Into Great Silence
A Film by Philip Gröning
Zeitgeist Video, 2005
Review by Carl McColman
Into Great Silence finally opened in Atlanta last night. And while advance buzz and personal anticipation for an upcoming film can lead to disappointment (anyone remember the collective horror that descended across America the summer of 1999 when The Phantom Menace turned out to be so mediocre?), I am pleased to report that this is a film that exceeded my expectations. In fact, at the risk of being a tad overblown, I would suggest that Into Great Silence can stand on its own as a significant document of Christian contemplative experience, alongside the best work of Thomas Merton or even The Cloud of Unknowing. Granted, this is a film that inspires many questions and provides few if any answers. But that’s part of its genius.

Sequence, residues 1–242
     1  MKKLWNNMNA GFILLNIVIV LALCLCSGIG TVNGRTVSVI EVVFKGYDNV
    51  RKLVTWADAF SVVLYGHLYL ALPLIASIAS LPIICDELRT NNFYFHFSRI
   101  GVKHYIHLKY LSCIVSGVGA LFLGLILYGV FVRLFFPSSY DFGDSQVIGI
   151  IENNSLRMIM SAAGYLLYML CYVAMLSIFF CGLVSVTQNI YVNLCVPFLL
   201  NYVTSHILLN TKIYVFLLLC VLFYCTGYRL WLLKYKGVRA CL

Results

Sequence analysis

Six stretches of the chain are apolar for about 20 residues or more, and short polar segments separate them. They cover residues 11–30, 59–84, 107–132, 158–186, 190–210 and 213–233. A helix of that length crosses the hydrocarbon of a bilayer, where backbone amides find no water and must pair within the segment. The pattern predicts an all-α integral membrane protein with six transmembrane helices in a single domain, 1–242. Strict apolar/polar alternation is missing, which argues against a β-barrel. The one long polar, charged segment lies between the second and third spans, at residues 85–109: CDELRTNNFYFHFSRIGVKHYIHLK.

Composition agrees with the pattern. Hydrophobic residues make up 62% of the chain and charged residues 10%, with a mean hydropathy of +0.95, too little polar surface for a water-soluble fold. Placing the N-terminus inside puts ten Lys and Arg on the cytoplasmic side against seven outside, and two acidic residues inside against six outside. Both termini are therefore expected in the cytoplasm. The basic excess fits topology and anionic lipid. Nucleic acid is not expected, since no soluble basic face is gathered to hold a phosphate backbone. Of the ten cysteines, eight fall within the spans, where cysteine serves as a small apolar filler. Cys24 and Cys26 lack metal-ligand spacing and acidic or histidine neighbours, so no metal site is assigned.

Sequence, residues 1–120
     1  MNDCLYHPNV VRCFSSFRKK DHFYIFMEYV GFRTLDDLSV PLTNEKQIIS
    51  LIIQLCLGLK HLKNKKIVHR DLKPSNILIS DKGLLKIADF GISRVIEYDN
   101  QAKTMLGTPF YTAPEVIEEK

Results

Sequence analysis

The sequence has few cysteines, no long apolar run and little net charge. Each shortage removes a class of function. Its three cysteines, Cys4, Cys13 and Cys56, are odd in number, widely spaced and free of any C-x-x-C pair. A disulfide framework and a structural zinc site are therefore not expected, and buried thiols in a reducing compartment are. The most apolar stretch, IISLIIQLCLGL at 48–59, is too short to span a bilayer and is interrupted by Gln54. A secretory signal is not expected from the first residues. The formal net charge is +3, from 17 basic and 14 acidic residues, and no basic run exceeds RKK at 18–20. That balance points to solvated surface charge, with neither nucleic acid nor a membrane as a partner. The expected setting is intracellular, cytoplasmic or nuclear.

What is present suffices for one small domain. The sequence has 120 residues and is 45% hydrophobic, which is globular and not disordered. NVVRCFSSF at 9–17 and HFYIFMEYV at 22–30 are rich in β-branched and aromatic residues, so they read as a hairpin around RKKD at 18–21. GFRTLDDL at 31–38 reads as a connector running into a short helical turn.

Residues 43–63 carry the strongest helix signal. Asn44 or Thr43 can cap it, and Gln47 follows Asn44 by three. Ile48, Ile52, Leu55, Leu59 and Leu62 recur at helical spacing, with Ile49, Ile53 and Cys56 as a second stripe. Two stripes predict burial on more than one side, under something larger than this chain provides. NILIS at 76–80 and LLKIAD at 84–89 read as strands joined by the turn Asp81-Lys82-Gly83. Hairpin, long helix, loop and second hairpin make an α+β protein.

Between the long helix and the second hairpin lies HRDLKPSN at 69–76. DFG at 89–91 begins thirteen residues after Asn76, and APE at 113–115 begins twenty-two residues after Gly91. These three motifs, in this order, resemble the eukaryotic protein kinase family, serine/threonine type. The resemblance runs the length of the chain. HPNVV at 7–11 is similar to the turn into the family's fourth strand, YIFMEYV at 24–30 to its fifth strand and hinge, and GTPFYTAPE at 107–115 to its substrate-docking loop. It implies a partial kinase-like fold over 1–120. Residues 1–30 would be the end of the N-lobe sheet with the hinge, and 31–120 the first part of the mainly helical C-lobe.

It would be quite a stretch to say this movie was “hyped,” but it did have its share of advance publicity, which was helpful in preparing me for how singularly quiet a film it is. Basically a one-man production, Into Great Silence documents the life of monks at the Grande Chartreuse in the French Alps. German filmmaker Philip Gröning lived in the monastery for several months in 2002-3, shooting over 120 hours of footage, nearly all without any dialogue in accordance with the monks’ vow of silence. He distilled this treasure down into a two and a half hour “documentary” on the experience of being a monk in the third millennium, living a life of silence, of time at the edge of eternity. I put quotation marks around the word “documentary” because he broke several rules of conventional documentary filmmaking: no narration, no soundtrack (other than the monks chanting or tolling their bells or the ambient noises of their daily lives), no discernible storyline. Just 164 minutes of life in a Carthusian monastery, mostly presented in silence.